Super AMOLED displays handle sunlight better than AMOLED displays and are also better on power consumption. As the name implies, Super AMOLED is simply a better version of AMOLED. It's not all just marketing bluster either: Samsung's displays are regularly voted as the technically best smartphone displays around.
Retina is another marketing term, this time from Apple. A Retina display is not defined by any particular characteristic, other than that it is supposedly of sufficient resolution that the human eye can't discern pixels at a normal viewing distance.
This measurement obviously changes depending on the size and resolution of the display. Apple popularized the Retina concept with the iPhone 4, which had a 960 x 640 pixel resolution on a 3.5-inch IPS LCD screen, resulting in 330 pixels per square inch (ppi).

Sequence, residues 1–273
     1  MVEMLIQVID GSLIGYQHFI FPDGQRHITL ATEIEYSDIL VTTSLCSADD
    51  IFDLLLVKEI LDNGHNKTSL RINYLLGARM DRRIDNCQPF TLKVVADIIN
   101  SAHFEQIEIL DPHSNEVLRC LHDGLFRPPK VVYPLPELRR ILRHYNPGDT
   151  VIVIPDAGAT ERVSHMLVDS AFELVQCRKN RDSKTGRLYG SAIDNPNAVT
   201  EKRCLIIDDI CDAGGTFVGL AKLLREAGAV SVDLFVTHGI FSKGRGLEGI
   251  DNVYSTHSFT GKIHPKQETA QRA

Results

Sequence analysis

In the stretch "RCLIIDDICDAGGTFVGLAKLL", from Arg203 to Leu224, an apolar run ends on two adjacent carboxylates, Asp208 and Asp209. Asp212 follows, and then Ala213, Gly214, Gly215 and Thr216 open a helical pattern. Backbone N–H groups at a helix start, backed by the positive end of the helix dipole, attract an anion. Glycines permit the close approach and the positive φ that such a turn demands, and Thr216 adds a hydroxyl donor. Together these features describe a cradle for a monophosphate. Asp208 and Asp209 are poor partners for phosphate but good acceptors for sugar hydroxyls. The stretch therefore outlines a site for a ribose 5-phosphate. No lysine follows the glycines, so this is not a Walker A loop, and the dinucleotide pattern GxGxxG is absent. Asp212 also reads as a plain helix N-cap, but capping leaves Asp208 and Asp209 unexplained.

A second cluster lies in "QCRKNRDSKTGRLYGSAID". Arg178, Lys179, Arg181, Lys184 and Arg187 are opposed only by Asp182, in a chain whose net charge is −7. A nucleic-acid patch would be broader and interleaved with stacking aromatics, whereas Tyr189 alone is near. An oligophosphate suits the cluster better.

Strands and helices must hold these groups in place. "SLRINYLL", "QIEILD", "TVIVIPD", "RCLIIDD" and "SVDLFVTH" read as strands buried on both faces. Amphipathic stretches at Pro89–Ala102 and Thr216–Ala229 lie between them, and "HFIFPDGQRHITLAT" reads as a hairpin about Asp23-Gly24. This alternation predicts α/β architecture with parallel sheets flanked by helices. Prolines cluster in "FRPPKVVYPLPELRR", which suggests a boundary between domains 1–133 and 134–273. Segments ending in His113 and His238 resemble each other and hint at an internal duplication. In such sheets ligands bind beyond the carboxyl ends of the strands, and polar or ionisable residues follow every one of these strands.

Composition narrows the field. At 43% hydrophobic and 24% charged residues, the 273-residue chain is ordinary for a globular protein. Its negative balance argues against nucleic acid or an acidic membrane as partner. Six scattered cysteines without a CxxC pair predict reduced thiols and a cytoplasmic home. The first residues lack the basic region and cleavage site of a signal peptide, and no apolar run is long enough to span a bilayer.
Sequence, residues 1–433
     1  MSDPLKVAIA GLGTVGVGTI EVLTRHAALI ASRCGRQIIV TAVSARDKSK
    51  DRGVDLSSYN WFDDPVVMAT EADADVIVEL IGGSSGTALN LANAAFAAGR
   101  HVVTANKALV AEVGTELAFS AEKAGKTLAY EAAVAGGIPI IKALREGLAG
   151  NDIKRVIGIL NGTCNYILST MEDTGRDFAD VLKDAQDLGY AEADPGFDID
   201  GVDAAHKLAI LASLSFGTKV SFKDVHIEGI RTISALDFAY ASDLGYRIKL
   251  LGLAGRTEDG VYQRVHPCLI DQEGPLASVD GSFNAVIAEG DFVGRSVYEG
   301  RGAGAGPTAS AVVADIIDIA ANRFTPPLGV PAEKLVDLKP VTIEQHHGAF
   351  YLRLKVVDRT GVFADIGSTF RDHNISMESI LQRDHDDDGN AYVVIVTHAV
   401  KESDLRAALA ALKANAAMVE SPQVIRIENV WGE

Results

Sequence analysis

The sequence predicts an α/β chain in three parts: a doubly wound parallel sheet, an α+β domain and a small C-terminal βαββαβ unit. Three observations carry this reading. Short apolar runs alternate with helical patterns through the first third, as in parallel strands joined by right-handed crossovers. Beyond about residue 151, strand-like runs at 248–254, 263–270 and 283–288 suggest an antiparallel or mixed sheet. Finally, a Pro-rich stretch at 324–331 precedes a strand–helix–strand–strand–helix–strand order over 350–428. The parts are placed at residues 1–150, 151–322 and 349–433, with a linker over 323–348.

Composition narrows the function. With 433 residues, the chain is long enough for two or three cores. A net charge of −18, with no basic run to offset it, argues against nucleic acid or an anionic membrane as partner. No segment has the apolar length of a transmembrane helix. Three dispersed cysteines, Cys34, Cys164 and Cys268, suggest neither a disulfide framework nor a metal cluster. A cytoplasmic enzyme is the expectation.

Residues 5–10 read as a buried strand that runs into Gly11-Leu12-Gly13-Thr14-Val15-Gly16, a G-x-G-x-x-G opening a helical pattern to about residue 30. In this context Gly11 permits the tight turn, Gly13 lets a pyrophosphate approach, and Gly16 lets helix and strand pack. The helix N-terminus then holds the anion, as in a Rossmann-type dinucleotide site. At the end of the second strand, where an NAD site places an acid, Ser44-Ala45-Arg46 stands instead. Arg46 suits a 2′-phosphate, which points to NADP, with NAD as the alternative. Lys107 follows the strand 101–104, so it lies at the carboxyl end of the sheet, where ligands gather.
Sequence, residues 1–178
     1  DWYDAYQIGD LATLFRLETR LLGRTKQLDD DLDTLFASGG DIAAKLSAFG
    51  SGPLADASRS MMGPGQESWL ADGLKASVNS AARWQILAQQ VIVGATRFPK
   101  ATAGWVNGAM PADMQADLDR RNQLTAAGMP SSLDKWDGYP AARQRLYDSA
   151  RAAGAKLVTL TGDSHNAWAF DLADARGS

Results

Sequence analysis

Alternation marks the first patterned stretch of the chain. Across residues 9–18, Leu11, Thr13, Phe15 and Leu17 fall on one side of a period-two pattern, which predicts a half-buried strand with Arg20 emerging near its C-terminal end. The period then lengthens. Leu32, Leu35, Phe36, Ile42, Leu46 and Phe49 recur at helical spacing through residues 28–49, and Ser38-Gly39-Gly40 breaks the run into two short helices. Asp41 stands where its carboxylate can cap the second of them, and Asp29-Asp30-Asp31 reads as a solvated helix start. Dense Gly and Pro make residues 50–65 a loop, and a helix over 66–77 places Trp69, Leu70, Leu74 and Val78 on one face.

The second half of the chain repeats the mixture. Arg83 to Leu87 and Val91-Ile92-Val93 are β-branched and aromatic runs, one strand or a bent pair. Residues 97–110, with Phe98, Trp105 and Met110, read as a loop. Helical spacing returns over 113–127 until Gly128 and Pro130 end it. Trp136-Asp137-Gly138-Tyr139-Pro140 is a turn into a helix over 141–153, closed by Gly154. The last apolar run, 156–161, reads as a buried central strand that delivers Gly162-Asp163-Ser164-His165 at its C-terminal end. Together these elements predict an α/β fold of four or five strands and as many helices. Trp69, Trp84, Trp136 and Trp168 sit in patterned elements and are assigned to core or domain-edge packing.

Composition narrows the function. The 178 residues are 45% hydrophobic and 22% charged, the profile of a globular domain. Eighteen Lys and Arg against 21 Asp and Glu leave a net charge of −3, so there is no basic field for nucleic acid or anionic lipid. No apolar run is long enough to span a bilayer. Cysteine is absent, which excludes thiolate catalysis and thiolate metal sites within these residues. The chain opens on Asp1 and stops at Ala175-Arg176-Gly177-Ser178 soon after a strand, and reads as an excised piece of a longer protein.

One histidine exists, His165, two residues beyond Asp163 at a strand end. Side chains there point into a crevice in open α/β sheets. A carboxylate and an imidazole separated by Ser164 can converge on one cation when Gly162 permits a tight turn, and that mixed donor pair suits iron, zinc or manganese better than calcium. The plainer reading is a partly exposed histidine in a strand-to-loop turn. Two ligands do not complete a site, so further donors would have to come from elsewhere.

Considering a 5.5-inch QHD display (fairly common on high-end Android phones these days) has 534 ppi, you can see that not everyone agrees that there's no point going above 330 ppi. Back in mid-2014, Samsung's Galaxy S5 LTE-A shipped with a massive 577 ppi and, as mentioned above, the Z5 Premium has 806 ppi.
Contrary to Steve Jobs' belief in the immutable law of Retina, Apple, under Tim Cook, has finally capitulated on pixel density. The iPhone 6 Plus, Apple's first large-screened iPhone, bumps the display resolution to Full HD, so its 5.5-inch screen has a pixel density of 401 ppi.
Which display type is better?